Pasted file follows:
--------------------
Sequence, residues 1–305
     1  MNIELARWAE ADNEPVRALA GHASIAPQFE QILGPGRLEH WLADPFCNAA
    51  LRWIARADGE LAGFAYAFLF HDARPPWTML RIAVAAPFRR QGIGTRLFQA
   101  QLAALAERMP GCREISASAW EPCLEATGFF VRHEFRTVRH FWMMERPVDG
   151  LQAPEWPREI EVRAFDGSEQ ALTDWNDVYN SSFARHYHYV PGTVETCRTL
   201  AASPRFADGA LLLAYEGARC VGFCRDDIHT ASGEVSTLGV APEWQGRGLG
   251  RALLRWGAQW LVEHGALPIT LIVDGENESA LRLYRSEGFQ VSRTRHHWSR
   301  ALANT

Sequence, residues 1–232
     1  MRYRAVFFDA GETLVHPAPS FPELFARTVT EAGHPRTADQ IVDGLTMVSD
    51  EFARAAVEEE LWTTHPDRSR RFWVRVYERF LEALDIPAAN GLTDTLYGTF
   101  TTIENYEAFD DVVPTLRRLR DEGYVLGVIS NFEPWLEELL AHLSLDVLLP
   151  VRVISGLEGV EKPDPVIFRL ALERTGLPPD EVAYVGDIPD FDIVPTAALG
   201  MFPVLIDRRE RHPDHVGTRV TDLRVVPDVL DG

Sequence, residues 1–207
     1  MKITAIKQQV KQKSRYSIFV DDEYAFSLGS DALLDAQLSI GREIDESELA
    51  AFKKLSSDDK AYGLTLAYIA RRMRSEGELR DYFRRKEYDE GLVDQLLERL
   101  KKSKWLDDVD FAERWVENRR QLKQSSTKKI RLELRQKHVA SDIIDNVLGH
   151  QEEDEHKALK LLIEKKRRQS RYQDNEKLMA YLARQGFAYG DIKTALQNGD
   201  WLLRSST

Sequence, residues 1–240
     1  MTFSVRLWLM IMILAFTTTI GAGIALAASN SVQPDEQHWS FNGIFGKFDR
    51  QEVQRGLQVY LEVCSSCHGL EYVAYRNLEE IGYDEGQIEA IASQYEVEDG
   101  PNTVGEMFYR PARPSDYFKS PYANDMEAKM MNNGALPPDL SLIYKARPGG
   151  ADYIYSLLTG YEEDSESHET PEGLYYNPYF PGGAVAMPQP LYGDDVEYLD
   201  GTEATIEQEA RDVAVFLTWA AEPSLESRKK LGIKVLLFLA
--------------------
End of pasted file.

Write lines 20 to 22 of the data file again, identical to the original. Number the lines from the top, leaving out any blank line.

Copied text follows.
   201  WLLRSST

Sequence, residues 1–240
     1  MTFSVRLWLM IMILAFTTTI GAGIALAASN SVQPDEQHWS FNGIFGKFDR